In some circles, student debt is known as the anti-dowry. As the transition from adolescence to adulthood is being delayed, with young people taking longer to marry, buy a home and have children, large student loans can slow the process further.
“There’s much more awareness about student borrowing than there was 10 years ago,” Ms. Asher said. “People either are in debt or know someone in debt.”
To be sure, many economists and policy experts see student debt as a healthy investment — unlike high-interest credit card debt, which is simply a burden on consumers’ budgets and has been declining in recent years. As recently as 2000, student debt, at less than $200 billion, barely registered as a factor in overall household debt. But now, Mr. Kantrowitz said, student loans are going from a microeconomic factor to a macroeconomic factor.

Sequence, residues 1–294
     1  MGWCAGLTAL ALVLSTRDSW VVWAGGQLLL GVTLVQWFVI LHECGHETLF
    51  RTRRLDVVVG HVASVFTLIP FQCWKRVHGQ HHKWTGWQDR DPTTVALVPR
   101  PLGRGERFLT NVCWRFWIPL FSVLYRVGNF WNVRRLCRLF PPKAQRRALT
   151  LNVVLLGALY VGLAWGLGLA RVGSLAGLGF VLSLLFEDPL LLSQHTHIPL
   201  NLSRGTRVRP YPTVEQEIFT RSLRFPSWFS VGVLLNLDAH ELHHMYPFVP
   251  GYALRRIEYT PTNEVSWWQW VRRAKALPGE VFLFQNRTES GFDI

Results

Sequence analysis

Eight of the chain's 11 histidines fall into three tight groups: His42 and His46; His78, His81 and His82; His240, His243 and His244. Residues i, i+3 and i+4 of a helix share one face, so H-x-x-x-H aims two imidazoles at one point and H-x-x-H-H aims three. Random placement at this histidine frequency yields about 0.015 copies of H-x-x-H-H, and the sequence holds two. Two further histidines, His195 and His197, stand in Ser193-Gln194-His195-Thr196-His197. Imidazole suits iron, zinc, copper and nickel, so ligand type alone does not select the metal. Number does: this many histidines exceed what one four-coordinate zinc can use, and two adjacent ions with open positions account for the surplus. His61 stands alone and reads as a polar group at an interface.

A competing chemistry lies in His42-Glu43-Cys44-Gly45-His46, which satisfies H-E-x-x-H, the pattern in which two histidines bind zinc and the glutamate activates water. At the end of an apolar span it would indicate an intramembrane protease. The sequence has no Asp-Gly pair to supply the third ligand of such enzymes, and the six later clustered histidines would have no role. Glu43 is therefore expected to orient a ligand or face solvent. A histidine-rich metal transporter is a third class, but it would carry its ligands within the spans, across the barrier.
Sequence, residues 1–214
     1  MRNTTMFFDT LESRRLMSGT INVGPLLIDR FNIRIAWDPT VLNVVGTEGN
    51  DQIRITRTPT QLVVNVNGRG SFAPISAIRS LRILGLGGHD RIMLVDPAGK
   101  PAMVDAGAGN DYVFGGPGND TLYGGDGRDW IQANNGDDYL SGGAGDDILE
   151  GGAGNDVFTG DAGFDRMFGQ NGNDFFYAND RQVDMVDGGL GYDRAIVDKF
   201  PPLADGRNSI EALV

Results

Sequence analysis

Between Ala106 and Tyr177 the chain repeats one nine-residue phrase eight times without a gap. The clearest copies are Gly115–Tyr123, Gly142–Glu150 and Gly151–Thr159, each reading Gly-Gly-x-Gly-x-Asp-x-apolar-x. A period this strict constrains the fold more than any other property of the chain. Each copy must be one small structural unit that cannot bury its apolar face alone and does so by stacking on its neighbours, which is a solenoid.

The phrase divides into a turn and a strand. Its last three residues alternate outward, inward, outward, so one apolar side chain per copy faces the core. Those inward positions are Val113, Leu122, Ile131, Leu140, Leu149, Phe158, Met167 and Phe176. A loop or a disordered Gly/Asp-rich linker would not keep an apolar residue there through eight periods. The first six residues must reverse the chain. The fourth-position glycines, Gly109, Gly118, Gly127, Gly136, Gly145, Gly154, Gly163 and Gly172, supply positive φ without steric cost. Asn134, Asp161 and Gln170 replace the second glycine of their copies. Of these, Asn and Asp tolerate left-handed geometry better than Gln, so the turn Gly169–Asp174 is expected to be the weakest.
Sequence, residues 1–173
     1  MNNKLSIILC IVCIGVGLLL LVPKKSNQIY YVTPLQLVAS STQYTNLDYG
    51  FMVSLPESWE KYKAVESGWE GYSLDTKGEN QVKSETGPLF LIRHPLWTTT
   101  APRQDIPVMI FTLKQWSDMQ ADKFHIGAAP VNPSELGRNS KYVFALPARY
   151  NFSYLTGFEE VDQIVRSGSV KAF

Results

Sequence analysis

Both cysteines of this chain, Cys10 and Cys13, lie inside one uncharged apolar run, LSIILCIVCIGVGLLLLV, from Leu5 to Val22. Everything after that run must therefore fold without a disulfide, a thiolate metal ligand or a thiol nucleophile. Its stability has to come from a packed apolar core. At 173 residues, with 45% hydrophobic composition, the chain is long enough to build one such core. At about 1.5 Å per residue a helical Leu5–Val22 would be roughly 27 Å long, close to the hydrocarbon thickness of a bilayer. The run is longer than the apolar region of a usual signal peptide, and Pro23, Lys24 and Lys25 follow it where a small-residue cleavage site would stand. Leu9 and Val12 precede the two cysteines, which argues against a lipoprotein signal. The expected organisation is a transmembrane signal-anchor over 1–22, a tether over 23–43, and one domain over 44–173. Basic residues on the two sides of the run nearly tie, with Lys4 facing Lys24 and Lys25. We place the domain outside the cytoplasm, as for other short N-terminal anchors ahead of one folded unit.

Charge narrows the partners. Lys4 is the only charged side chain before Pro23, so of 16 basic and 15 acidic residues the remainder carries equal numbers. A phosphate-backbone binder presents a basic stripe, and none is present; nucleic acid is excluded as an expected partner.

Susan Dynarski, a professor of education and public policy at the University of Michigan, said student debt could generally be seen as a sensible investment in a lifetime of higher earnings. “When you think about what’s good debt and what’s bad debt, student loans fall into the realm of good debt, like mortgages,” Professor Dynarski said. “It’s an investment that pays off over the whole life cycle.”
According to a College Board report issued last fall, median earnings of bachelor’s degree recipients working full time year-round in 2008 were $55,700, or $21,900 more than the median earnings of high school graduates. And their unemployment rate was far lower.
So Sandy Baum, a higher education policy analyst and senior fellow at George Washington University, a co-author of the report, said she was not concerned, from a broader perspective, that student debt was growing so fast.